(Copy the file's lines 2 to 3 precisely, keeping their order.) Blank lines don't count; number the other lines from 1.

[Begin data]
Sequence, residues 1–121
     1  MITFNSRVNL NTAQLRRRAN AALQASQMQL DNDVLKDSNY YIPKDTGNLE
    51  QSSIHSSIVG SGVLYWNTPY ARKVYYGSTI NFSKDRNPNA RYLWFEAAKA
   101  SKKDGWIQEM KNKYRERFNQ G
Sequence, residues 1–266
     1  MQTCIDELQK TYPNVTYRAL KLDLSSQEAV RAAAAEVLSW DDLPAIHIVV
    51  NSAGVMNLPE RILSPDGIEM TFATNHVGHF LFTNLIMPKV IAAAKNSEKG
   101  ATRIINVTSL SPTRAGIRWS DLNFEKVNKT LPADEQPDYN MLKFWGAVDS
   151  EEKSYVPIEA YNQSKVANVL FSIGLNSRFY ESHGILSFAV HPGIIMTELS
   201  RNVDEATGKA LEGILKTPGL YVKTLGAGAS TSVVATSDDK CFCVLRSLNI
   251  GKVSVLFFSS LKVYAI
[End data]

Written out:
     1  MITFNSRVNL NTAQLRRRAN AALQASQMQL DNDVLKDSNY YIPKDTGNLE
    51  QSSIHSSIVG SGVLYWNTPY ARKVYYGSTI NFSKDRNPNA RYLWFEAAKA